A Dragon Quest 3 speedrunner has used a hot plate to overheat the cartridge, in order to cause a bug that starts the party at level 99.
The original Dragon Quest suffered from the fact that it only had one character. This meant that the hero was responsible for being the melee fighter, the buffer/debuffer, and the healer. If he died, then it was back to the nearest church to start over. Dragon Quest 2: Luminaries of the Legendary Line had a party of three characters: the Prince of Midenhall, the Prince of Cannock, and the Princess of Moonbrooke. The three heroes had established classes/roles in the party, and it was difficult to use them in other ways. Dragon Quest 3 Seeds of Salvation was the first game in the series to allow the player to form their own party. There was the default hero unit (who is one of Hero’s costumes in Super Smash Bros. Ultimate) and they had a role in the story that needed to be followed. The rest of the party was created by the player, and their character class could be changed over the course of the game.
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Dragon Quest 3 is a tricky game to speedrun, due to the sheer number of random encounters that the player can expect to face. A speedrunner in Japan has come up with an ingenious way to make the game easier. According to VGDensetsu, the player did this using a hot plate.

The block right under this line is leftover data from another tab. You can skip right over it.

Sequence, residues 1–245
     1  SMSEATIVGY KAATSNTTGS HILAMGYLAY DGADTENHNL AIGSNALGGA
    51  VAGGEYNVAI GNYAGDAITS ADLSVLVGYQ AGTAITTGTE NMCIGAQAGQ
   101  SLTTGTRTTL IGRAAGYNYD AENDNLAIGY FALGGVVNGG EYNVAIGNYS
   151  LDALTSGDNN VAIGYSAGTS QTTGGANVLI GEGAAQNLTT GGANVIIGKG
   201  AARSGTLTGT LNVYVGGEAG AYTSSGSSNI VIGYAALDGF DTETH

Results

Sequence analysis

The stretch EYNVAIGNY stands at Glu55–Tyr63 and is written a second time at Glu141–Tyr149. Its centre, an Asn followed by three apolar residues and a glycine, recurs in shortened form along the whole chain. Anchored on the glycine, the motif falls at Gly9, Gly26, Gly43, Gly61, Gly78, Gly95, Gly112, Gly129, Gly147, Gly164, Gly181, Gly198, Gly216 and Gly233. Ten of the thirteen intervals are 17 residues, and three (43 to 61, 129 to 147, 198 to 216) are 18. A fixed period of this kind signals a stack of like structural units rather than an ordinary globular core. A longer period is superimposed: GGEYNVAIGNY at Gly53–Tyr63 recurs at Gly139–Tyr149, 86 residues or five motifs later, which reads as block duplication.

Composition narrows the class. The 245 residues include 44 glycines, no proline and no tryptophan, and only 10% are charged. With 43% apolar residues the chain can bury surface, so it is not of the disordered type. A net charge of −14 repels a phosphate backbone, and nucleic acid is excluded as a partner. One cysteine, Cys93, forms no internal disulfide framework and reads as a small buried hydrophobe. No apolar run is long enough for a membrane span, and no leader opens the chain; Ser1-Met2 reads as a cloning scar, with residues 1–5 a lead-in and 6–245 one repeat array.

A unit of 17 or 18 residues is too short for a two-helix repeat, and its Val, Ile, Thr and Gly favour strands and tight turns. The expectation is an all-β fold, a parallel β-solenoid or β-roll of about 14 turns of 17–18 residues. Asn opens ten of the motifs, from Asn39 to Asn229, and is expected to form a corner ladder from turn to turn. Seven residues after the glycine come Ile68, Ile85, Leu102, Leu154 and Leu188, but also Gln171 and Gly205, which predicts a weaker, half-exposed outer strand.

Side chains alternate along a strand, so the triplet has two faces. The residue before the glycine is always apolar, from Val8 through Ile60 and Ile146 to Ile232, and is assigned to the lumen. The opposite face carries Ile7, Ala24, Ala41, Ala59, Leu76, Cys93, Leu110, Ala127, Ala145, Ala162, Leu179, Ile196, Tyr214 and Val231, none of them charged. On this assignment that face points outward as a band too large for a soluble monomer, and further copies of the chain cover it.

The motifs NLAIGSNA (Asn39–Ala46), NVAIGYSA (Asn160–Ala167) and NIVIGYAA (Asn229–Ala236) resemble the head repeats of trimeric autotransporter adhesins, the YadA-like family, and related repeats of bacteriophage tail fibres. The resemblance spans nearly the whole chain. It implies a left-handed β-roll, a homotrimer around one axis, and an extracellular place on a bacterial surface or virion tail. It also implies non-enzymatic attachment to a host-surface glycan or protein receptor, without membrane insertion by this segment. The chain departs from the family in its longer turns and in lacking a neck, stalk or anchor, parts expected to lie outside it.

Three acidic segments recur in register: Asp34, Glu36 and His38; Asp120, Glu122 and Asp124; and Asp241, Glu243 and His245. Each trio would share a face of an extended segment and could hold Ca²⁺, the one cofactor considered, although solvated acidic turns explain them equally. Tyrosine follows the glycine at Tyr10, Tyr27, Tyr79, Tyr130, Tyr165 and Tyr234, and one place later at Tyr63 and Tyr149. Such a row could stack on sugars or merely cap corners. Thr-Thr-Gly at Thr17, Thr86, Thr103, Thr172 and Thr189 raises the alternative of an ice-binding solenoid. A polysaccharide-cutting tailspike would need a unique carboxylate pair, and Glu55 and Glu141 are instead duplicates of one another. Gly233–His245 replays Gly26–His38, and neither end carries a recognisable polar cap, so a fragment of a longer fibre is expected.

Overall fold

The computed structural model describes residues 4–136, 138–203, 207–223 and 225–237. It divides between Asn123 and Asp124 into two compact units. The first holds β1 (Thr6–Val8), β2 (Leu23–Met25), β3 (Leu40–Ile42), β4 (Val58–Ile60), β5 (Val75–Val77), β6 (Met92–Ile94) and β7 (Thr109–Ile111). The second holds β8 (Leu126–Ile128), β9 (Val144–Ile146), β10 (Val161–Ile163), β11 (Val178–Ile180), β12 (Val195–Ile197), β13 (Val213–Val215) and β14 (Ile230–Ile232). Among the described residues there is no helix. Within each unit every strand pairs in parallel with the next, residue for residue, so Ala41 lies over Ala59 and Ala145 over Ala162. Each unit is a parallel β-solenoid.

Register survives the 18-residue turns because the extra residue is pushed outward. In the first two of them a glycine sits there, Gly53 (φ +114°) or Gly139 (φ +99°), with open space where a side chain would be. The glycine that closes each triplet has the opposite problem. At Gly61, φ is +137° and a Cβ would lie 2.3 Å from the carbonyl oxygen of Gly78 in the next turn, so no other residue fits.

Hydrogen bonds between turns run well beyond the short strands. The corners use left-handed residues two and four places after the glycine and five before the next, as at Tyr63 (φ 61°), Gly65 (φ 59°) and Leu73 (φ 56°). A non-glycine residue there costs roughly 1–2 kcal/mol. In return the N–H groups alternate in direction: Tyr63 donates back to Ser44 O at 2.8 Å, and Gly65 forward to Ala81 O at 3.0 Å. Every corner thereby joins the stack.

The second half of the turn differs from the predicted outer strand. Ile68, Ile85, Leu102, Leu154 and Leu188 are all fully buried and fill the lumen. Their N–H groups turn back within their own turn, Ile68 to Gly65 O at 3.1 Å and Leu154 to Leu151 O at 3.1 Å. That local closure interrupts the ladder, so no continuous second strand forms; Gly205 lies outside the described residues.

The player noticed that heat could affect the save files in the game. By heating the system using a hot plate, they were able to start out at level 99, making all of the fights in the game end in seconds, save for the boss battles. Giving the hero early access to the Holy Protection spell (which they normally learn at level 19) also makes the run go quicker, as they can prevent a lot of encounters from happening.
This technique would be banned in most speedrunning categories, but there are some that allow the use of exploits and glitches. This means we could see even more speedrunners cooking their consoles, in order to shave precious seconds of their world record runs.
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Scott has been writing for The Gamer since it launched in 2017 and also regularly contributes to Screen Rant. He has previously written gaming articles for websites like Cracked, Dorkly, Topless Robot, and TopTenz. He has been gaming since the days of the ZX Spectrum, when it used to take 40 minutes to load a game from a tape cassette player to a black and white TV set.
Scott thinks Chrono Trigger is the best video game of all time, followed closely by Final Fantasy Tactics and Baldur’s Gate 2. He pretends that sorcerer is his favorite Dungeons & Dragons class in public but he secretly loves bards.
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